Which languages will survive online?
In the paper Digital Language Death researcher András Kornai predicts that 95% of all languages in use today will never gain traction online.
The paper claims to “present evidence of a massive die-off caused by the digital divide”. Will the internet act as a catalyst for the extinction of many of the world’s languages? The issue of linguistic representation online is still a problem only for those who are able to access the internet, with billions remaining digitally disenfranchised. However, as internet access continues to extend to geographies and communities previously disconnected, and more users come online from the developing world (pdf), it seems sensible to assume that the linguistic elite will be challenged.
Access to the internet also offers the opportunity for linguistic empowerment: to document and preserve languages, to share teaching material to encourage new speakers, to translate important information for marginalised groups, and even to create virtual communities of speakers where they may struggle to exist offline. The Endangered Languages project is one example of using online platforms to this end. The internet can also be a place not only for languages to evolve, but to be invented or to find a second life. The project Muysccubun for example has been working to document and share the extinct Muisca language, historically spoken in central Colombia, by creating online dictionaries and building a community around their Facebook page.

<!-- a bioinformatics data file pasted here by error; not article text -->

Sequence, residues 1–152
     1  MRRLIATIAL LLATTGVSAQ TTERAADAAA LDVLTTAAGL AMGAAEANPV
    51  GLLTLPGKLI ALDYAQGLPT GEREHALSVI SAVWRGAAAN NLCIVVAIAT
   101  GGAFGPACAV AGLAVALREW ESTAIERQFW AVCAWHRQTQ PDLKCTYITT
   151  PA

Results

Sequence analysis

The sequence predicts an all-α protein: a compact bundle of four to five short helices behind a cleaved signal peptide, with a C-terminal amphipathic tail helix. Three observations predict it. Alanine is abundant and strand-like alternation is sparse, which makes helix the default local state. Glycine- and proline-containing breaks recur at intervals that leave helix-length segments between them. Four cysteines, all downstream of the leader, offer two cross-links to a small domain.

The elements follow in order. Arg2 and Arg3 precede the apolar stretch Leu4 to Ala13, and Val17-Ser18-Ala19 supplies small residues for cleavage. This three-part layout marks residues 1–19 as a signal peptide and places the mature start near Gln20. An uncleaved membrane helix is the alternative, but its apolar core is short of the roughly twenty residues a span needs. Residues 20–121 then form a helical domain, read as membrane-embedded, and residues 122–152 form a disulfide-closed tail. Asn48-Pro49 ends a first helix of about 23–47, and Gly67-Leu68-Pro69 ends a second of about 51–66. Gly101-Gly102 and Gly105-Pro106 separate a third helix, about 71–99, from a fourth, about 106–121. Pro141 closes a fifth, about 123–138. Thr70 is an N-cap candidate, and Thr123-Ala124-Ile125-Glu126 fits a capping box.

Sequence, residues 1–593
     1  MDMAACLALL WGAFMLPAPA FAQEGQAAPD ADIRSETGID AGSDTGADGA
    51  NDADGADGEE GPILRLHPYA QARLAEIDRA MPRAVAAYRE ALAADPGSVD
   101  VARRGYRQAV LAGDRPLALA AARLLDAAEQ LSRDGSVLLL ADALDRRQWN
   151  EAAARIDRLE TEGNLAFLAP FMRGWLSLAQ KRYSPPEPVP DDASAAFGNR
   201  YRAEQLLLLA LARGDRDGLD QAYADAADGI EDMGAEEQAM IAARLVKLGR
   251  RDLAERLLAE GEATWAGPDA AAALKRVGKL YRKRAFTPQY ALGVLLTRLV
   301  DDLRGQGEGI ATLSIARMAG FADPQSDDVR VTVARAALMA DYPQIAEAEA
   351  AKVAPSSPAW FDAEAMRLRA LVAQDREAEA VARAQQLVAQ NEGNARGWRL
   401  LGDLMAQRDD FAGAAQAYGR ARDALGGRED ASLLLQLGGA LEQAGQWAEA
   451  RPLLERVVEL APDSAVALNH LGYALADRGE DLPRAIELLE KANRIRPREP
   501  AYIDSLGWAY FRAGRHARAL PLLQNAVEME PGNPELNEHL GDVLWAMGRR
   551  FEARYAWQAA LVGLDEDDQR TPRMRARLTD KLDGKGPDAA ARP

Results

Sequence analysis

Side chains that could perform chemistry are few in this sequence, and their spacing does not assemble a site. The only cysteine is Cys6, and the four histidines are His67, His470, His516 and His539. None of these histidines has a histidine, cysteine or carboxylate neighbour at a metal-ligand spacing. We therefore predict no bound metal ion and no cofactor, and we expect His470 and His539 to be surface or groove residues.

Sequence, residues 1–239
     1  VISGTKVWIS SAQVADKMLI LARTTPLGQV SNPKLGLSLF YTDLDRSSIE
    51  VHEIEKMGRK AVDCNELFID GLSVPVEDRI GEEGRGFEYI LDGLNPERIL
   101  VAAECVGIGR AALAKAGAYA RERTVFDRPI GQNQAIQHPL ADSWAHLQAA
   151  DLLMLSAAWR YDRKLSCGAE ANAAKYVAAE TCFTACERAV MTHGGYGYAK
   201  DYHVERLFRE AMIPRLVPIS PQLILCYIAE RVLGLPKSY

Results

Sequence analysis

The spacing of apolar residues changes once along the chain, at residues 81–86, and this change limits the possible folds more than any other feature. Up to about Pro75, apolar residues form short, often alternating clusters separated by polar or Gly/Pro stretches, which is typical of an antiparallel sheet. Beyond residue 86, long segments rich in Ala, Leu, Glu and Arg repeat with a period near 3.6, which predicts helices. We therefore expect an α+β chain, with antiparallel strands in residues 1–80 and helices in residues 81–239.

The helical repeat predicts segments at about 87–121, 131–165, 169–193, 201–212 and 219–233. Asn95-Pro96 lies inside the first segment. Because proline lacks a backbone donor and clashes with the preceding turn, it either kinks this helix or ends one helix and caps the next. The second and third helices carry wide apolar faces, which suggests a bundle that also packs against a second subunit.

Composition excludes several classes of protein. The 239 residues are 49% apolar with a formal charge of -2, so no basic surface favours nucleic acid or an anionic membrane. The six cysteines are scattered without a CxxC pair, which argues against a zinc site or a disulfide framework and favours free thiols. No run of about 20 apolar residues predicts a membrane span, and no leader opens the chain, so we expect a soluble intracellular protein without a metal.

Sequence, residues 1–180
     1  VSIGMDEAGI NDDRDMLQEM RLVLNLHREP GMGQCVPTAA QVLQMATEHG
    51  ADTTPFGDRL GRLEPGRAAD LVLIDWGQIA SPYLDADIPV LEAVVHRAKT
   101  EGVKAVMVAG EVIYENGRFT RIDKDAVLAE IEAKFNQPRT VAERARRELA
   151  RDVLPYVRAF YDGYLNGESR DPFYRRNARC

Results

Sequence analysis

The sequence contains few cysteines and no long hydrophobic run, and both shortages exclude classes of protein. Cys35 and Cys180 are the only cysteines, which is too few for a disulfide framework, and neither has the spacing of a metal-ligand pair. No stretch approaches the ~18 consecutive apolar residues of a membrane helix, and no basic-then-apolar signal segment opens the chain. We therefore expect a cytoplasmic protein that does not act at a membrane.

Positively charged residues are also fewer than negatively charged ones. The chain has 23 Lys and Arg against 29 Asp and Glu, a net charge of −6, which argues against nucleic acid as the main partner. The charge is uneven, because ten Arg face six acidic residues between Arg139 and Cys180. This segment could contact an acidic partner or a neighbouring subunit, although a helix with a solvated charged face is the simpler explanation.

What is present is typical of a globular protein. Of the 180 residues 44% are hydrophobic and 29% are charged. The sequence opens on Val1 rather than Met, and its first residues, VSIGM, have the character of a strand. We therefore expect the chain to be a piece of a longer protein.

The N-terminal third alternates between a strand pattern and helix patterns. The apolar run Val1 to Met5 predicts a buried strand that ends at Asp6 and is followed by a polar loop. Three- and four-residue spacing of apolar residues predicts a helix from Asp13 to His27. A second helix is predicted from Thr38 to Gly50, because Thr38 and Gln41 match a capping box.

“95% of all languages in use today will never gain traction online”
Is there a danger however that instead new users, influenced by the volume of content in more dominant languages, will abandon their mother tongues online? Research has suggested (pdf) that speakers of smaller languages online will often opt to use the internet in a larger language, even if they don’t speak it well. This makes sense: if you are a bilingual speaker of English and Zulu for example, there are clear advantages to using the English edition of Wikipedia with close to 5 million articles, over the Zulu edition with only 685.
Inee Slaughter, executive director of the Indigenous Language Institute, points out the that the fact many indigenous languages only exist in oral form creates an additional barrier: “If the digital media is heavily literacy-based, the digital world is not friendly for indigenous language users.” It is possible that as the digital divide closes, instead of encouraging greater linguistic diversity, there will be a negative feedback loop where dominant languages are made even more prevalent.